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Talk to your horse with images

You know when your horse looks at you, and you just know they're trying to say something? What if you could learn to figure them out? According to Heather Bristol, a Florida-based hunter/jumper trainer and animal communicator, you can.

Top: Heather Bristol and her mother. Photo by Margaret Corry.

Whether you want to call it animal communication, telepathy or intuition, sending and receiving images from animal to human is something she believes anyone can do.

“Animals think in pictures,” she says. “People do that as babies, but when you develop your language abilities you start to associate pictures with words, and you kind of lose that ability.”

But it doesn't have to be lost forever.

An Unexpected Beginning

Though she had always considered herself a skeptic, Heather came into the world of animal communication completely by accident when her mother died suddenly in 2008.

“We had a very strange conversation a few weeks before she died of a heart attack. She was a very spiritual person, and she told me that if she died before me, she would try to contact me by ringing the phone.”

Sure enough, that's exactly what happened. The phone rang off the hook at her house, with only static was on the line, but Heather wasn't putting the pieces together, and it was driving the family crazy. Eventually, Heather's husband, an electrical engineer, suggested that she tell her mother,  “We got the message, now stop ringing the phone because she's freaking people out!”

So Heather did her best to send the message, “I love you; we know you're OK, but stop ringing,” and the calls stopped.

After her mother's death, Heather became more spiritual, and started experimenting with animal communication while playing with her Chihuahuas.

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Heather with Stewie, Pookie, & Izzy. Photo: Margaret Corry Photography

“What was really interesting was when they would show me something like 'That one stole my toy,' even though it had happened when I wasn't there hours before. Then I could make sure everyone had a toy–simple things like that.”

Communicate for Rideability

Now, she's honed her skills and uses them to help horses and other animals. For example: her own jumper mare, Shine On.

“She has a problem where she takes over and is less rideable to the fences. I wanted to do a small grid so I wouldn't have to fiddle as much, so I set up a small bounce to a one stride to a bounce.”

“The first time through, the mare completely blew through everything, didn't get it at all. Then the next time through, I tried to think about it from her perspective.”

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Heather Bristol with her jumper mare Shine On. Photo: Shutterpug Photography

Rather than visualizing a perfect George Morris jumping clinic photo, for example, or even what the jump should look through a horse's ears, she sent her mare images of the jump from a horse-eye view, and also transmitted the feeling of rocking back on her haunches, taking off, and landing in rhythm. She puts herself in her horse's shoes, so to speak.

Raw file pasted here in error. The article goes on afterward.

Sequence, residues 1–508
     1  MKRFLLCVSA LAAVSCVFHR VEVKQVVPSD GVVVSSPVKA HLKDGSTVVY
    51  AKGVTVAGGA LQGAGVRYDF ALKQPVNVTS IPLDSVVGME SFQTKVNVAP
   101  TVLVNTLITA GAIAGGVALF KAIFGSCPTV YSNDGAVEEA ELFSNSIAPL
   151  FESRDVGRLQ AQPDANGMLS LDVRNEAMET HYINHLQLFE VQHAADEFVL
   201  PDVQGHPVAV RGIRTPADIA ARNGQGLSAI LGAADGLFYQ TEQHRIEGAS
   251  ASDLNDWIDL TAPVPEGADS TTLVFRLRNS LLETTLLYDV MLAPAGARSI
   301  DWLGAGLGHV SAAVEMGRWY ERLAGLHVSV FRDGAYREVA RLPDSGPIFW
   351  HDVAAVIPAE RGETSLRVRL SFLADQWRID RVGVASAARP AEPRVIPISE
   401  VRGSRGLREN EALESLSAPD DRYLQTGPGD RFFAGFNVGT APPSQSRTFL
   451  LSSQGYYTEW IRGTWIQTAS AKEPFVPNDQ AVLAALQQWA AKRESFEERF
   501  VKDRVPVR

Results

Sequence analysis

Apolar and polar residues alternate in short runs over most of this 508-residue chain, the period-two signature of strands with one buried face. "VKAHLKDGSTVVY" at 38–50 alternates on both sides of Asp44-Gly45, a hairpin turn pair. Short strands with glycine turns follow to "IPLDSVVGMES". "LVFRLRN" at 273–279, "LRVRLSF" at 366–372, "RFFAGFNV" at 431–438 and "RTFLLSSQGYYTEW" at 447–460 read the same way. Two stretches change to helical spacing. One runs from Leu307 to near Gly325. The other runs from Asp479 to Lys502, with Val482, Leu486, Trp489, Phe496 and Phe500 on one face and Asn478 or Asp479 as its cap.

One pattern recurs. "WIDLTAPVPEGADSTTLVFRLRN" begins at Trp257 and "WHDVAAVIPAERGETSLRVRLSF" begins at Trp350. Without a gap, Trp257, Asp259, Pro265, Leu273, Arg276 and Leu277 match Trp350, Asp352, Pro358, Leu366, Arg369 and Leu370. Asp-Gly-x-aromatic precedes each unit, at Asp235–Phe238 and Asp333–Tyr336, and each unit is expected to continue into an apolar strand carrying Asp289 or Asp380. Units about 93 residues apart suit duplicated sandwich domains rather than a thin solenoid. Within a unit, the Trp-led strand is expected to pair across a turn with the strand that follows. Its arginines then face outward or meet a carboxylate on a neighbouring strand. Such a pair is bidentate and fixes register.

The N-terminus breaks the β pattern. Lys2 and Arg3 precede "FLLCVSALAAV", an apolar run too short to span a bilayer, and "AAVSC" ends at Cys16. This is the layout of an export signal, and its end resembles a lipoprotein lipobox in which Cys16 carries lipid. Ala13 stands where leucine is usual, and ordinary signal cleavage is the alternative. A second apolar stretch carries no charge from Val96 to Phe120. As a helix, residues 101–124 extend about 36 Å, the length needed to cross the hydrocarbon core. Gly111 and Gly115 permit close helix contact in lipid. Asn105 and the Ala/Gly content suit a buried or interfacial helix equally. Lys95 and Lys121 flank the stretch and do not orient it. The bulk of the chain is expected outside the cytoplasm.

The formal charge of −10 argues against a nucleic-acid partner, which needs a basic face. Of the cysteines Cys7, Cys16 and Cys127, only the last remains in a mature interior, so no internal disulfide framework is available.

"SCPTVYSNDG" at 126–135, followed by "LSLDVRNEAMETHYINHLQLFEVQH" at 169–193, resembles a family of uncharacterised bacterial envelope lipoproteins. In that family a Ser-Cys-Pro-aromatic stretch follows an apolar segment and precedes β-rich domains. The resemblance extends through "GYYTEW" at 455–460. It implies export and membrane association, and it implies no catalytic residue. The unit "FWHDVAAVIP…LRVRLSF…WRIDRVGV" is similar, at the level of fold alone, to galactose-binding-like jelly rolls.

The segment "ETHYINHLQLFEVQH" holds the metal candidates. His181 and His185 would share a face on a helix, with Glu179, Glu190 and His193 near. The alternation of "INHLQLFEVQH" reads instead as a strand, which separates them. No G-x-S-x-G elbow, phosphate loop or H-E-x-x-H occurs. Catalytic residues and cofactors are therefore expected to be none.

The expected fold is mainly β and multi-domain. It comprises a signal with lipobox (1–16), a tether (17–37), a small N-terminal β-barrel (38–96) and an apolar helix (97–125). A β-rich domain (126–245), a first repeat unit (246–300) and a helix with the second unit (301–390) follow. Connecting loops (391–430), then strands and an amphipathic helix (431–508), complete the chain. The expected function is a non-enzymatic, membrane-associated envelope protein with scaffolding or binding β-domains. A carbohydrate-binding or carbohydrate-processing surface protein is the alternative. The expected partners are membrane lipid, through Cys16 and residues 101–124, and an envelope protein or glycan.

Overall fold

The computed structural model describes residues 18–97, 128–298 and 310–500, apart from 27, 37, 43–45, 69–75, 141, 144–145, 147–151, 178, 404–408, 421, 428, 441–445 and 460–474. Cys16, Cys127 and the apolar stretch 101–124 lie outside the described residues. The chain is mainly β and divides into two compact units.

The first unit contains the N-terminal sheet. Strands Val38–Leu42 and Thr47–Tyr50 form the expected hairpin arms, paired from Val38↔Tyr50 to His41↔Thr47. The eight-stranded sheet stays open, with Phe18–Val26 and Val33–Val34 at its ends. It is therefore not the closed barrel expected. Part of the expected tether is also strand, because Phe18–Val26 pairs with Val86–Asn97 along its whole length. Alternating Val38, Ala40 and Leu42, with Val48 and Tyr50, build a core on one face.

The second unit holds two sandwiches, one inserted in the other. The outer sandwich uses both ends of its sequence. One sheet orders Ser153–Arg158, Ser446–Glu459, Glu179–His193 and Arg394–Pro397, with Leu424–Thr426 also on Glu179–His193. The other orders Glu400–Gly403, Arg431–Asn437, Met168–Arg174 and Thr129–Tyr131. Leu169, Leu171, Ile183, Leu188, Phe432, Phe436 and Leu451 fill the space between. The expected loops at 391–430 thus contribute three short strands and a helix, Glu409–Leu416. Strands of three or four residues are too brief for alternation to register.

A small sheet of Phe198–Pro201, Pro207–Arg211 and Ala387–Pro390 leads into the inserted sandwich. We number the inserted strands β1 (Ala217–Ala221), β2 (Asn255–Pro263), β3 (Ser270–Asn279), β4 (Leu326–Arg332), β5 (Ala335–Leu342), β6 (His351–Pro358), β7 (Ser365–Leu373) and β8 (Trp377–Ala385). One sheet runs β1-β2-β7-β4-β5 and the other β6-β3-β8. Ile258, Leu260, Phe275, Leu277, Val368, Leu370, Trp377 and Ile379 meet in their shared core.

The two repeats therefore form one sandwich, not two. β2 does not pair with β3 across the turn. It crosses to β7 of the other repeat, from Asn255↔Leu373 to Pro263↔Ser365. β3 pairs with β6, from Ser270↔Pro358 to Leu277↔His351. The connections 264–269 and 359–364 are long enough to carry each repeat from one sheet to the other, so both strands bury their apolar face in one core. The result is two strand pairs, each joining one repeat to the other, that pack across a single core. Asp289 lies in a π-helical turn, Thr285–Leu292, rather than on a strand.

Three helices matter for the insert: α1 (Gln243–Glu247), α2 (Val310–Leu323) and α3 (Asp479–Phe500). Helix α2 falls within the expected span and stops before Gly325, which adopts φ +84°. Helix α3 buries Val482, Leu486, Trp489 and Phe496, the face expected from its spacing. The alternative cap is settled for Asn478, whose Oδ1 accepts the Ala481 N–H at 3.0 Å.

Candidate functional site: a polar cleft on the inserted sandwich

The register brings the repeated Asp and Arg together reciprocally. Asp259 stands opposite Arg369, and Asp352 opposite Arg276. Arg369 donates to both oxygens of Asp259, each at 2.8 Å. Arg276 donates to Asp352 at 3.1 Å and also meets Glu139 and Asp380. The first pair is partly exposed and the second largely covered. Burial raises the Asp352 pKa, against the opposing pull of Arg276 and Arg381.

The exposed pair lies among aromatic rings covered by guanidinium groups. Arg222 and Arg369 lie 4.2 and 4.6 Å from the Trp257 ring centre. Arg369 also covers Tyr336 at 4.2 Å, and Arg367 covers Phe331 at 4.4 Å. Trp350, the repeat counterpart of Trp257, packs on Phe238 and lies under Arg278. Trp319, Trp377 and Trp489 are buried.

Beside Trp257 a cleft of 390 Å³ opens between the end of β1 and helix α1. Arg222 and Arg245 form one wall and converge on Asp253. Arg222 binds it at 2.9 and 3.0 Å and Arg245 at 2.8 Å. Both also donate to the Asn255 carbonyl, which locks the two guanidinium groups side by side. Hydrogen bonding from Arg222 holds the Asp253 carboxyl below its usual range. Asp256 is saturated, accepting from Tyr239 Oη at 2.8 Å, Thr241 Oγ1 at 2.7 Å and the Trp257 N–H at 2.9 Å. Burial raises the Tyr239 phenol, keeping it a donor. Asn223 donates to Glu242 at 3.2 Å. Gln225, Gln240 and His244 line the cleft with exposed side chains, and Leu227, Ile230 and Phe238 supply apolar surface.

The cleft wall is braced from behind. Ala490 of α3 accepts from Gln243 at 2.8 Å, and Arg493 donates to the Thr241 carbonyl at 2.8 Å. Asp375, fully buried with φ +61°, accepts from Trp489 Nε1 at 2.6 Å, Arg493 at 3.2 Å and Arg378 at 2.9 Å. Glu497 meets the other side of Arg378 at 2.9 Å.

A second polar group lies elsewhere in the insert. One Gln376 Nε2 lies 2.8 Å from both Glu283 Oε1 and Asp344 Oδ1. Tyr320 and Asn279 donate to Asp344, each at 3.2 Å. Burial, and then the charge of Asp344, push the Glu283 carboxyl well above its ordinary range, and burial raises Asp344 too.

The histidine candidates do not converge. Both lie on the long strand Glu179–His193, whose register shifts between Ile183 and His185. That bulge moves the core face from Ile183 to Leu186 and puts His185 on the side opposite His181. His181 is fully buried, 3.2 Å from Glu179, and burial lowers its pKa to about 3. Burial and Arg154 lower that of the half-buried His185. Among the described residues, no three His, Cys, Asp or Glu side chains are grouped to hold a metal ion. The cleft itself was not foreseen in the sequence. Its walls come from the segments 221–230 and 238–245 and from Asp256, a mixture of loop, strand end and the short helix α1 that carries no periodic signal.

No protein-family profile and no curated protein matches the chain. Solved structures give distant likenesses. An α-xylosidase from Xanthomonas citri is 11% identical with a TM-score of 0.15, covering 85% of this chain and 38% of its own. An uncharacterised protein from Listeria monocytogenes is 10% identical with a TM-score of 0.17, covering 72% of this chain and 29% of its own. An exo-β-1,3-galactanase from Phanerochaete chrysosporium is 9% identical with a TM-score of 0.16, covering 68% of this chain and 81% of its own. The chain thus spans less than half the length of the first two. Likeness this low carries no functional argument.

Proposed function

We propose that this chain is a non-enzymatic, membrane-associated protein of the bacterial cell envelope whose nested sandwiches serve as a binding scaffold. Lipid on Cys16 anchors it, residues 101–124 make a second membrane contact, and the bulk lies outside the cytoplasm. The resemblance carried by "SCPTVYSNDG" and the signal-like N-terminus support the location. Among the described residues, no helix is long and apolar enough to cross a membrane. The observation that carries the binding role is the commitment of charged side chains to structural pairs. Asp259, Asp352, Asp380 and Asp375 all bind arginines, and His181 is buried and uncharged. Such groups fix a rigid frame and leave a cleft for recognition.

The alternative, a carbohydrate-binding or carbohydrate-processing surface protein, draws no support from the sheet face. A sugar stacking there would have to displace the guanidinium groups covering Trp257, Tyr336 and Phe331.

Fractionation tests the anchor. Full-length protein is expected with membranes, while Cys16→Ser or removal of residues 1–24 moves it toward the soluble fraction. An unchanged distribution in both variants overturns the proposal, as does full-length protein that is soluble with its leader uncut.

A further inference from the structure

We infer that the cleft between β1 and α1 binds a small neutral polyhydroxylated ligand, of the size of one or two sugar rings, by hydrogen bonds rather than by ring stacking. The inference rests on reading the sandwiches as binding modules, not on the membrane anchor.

“And what do you know, she did so much better the next time!” Heather laughs.

Helping Horses in Need

Heather also does free work for animal rescues, and collaborates with vets in the Wellington area if a particular case has them stumped. However, she recommends always calling your vet first if your animal is sick or hurt.

“I have some people who call me, thinking I'll be cheaper than a vet,” she says. “But I'm not a vet.”

For example, she received a call from a trainer in Wellington, whose horse started to act strangely–stomping and not wanting to go forward. The vet looked it over on several different visits, but couldn't pinpoint anything. The trainer tried acupuncture too, but it seemed to be behavioral, and they were about to send the horse out to the cowboy trainer.

“When I had a session with the horse, it showed me something wasn't right in its leg,” she says.

The trainer called the vet again, who was then able to detect a lesion forming in a tendon, and prescribed time off for the horse to heal.

“I'm so glad the horse didn't get injured further when it really wasn't a behavioral issue,” Heather said.

Try It at Home

Though every animal communicator has a different approach, much like every artist has his or own process, Heather believes everyone has the ability to improve communication with animals.

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Heather Bristol with Panda, the foal of Shine On. Photo: Cynthia Sims Photography

“If you want to call it telepathy, intuition, or make it into a religion, it's up to you,” Heather says, “The most important thing when working with animals is listen to your intuition and stay grounded — that is, leave your ego out of the way.”

Heather explained that by “ego,” she meant any preconceived notions of what you think might be the issue with your animal. “You have to set aside your agenda to listen to your horses,” she continued.

But how can you start to open the lines of communication between human and animal?

“You know your animal better than anyone else does,” she says, “So just wait for a quiet moment and ask a couple questions. Even something as simple as 'What did you do today?' will work. Then see what images you get.”

“It will change your life in a way that is profound, I can tell you that.”

Heather Bristol is the owner and trainer at hunter/jumper barn Meliora Stables in Sanford, FL. Learn more about her animal communication work at heatherevebristol.com.
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